The analogy of map and territory has its limits.
“If you ask a user experience person—academic or practitioner—whether empathy is important to design, it’s hard to imagine anything other than a resounding ‘Yes!’ Indeed, statements like the one above seem to imply that empathy is a silver bullet that will transform design and lead to innovation. Before empathy was a buzzword, many of us would still have said that helping product teams develop empathy for their users was a core function of user experience research. After all, what else could it mean to study another’s experience and share those insights with others? As often happens in business, though, once a concept like empathy catches on, it’s treated like a fresh discovery. The groundswell is then translated into a small number of new techniques that instantiate the concept concretely. As these techniques become codified, too often reification takes over and their artifacts, or deliverables, seem to substitute for the more abstract virtue they supposedly represent. We act as though the map is the territory.”
David Siegel and Susan Dray ~ ACM Interactions (XXVI.2) ★
Changing perspectives can become lost in translation. It’s a competence, not an activity.
“The UX industry devotes considerable attention to the concept of empathy, and rightly so, as understanding our users and their needs is foundational to delivering quality experiences. Still, empathy and insights alone do not automatically create those experiences. What matters is how cultivating empathy alters our decisions and behaviors.”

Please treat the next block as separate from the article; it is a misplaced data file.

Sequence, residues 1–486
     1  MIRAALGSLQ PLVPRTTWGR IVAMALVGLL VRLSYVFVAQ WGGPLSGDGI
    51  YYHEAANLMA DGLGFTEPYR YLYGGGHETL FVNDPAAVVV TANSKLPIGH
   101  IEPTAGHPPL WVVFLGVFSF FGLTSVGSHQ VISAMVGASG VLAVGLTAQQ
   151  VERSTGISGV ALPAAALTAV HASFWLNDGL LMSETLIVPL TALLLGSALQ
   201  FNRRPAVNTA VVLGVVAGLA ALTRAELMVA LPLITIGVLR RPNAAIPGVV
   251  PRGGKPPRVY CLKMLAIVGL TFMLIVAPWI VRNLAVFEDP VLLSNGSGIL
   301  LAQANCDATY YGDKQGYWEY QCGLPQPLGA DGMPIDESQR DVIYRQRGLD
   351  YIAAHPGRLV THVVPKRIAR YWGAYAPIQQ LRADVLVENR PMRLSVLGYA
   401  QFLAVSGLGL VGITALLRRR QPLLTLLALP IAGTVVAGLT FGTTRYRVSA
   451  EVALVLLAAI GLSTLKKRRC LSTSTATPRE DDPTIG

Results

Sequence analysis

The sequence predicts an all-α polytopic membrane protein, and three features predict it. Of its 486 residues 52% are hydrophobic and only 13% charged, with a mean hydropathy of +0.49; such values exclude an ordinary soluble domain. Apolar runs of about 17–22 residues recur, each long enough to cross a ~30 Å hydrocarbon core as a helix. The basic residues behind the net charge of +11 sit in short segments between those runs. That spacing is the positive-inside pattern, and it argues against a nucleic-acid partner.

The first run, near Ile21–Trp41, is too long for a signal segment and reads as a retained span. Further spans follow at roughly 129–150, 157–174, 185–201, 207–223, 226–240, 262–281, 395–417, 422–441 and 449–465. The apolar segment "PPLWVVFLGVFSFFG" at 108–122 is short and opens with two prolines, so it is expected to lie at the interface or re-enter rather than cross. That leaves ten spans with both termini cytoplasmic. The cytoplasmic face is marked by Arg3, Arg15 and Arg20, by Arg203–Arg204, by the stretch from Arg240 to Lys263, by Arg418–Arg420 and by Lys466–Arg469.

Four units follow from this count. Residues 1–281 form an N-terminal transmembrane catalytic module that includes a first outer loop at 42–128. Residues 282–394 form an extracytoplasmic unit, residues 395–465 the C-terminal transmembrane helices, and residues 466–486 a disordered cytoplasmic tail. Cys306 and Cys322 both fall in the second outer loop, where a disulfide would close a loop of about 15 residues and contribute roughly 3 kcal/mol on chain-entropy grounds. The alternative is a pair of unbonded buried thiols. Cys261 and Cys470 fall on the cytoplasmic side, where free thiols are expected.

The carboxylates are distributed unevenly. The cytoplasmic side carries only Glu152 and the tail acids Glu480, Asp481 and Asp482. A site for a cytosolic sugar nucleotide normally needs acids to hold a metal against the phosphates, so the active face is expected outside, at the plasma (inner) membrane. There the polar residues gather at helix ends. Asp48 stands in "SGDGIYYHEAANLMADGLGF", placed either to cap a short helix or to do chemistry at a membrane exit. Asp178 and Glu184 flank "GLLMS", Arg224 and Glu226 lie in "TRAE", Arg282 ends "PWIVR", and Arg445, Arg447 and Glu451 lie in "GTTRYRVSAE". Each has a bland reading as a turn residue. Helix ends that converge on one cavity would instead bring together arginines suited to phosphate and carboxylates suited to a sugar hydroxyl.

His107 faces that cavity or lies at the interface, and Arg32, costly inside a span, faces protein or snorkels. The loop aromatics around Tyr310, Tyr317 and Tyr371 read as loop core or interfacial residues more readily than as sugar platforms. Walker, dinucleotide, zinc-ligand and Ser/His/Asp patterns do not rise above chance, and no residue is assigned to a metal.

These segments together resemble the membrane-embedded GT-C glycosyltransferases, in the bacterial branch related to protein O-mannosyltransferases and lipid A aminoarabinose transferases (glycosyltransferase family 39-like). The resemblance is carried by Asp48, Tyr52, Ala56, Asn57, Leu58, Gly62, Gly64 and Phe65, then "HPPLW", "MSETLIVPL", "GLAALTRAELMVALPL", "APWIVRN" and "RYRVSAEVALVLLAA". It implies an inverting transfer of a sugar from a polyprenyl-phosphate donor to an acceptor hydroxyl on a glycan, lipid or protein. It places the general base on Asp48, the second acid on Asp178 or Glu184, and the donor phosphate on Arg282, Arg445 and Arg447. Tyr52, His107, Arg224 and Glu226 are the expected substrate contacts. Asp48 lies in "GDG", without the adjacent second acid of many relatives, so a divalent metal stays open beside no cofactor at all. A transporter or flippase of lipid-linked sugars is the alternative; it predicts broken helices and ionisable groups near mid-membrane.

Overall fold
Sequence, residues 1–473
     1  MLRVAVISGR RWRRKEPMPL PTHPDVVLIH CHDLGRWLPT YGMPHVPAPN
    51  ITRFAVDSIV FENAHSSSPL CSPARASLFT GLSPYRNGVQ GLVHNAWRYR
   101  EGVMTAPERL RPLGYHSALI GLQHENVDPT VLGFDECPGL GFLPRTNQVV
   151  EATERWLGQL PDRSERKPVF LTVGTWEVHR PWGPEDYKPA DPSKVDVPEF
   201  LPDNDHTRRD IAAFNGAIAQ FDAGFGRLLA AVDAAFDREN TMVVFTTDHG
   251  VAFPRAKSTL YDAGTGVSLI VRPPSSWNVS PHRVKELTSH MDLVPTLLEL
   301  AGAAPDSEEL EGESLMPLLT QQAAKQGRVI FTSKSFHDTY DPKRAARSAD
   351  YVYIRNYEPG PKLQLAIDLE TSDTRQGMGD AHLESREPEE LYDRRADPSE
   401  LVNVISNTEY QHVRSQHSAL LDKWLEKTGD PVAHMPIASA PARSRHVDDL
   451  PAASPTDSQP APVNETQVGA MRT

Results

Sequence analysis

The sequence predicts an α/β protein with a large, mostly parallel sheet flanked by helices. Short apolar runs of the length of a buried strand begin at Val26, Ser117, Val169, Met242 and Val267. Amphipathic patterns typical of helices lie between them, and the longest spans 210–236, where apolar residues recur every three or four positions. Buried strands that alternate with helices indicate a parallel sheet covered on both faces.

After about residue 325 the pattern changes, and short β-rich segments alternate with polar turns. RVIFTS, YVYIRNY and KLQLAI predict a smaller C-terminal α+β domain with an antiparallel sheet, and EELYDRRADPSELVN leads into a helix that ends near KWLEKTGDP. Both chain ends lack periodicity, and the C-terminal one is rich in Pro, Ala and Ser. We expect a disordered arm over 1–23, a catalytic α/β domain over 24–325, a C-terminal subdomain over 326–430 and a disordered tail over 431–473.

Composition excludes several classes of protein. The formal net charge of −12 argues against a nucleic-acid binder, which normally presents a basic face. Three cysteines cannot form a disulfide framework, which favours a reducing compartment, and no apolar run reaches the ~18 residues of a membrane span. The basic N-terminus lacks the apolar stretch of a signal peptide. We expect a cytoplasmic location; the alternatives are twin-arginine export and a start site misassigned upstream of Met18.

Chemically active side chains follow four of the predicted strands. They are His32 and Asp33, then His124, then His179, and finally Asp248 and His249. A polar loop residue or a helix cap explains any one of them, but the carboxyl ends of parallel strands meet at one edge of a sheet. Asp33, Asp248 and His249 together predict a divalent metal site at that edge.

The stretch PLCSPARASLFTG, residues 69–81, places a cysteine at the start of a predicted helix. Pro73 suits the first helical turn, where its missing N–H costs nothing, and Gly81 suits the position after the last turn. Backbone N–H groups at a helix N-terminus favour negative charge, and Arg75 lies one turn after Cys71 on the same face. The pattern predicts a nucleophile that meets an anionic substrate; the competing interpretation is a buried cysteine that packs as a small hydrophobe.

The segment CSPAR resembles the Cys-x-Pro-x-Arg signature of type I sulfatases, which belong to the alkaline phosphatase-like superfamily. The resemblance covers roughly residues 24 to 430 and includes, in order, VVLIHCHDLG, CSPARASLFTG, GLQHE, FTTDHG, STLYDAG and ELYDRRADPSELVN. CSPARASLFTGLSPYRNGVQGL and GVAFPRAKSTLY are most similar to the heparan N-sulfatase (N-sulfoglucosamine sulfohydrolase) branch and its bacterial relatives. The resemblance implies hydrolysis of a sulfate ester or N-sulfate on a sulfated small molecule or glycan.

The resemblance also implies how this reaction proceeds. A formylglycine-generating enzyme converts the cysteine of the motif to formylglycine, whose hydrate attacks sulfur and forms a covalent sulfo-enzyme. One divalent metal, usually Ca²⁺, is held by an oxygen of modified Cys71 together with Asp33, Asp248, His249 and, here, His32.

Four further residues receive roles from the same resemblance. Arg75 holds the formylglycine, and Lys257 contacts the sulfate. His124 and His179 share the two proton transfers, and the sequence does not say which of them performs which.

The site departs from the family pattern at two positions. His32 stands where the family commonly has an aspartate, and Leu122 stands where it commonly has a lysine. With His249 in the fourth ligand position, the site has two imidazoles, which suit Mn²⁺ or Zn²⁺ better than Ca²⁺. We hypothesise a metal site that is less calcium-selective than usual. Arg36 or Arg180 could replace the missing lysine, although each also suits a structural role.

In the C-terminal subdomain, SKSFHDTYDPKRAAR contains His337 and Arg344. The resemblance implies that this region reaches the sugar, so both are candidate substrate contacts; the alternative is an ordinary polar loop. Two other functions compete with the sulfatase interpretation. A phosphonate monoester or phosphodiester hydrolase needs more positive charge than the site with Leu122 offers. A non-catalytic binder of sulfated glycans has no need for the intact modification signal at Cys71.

(Lyle Mullican a.k.a. @mullican ~ A List Apart)
In the end, empathy will also have its limits for great design. But we’re not there yet.
“Empathy — it’s a buzzword in the UX design world. Everybody’s doing it! But what exactly are they doing? There isn’t a quick ‘Empathy Filter’ that we can apply to our work or our team, no formula to pump out results, and no magic words to bring it forth. There is, however, a simple workshop activity that you can facilitate with stakeholders (or anyone responsible for product development, really) to build empathy for your end users. We call it Persona Empathy Mapping.”
(Nikki Knox ~ Cooper Journal)
Design thinking is thinking based upon empathy.
“I fundamentally believe empathy is a foundational soft skill in design practice. And in service design – with its aim to connect and orchestrate people outside, inside, and across organizations – empathy is the first skill I recommend to people to build and sharpen.”
(Patrick Quattlebaum a.k.a. @ptquattlebaum ~ Adaptive Path)
Timeline forgets the very first personas for design: Henry Dreyfuss’ Joe and Josephine (1955).
“These steps (solid research, creative analysis, and compelling presentation and rollout) can bring teams back around to a tool that they badly need. Feel free to dump the shallow personas that people roll their eyes at. It’s time to reengage with empathetic work by making your users real, and letting their real voices be heard.”
(Kyra Edeker and Jan Moorman ~ UX Magazine)
Would this also apply to non-textual data?
“Our job is to help make useful, usable web things. Our job is also to ensure that the passion is passed along to the next in line – that we provide some level of empathy and empowerment for the people who will work the content long after we’re gone.”
(Corey Vilhauer a.k.a. @MrVilhauer ~ @MrVilhauer ~ Eating Elephant)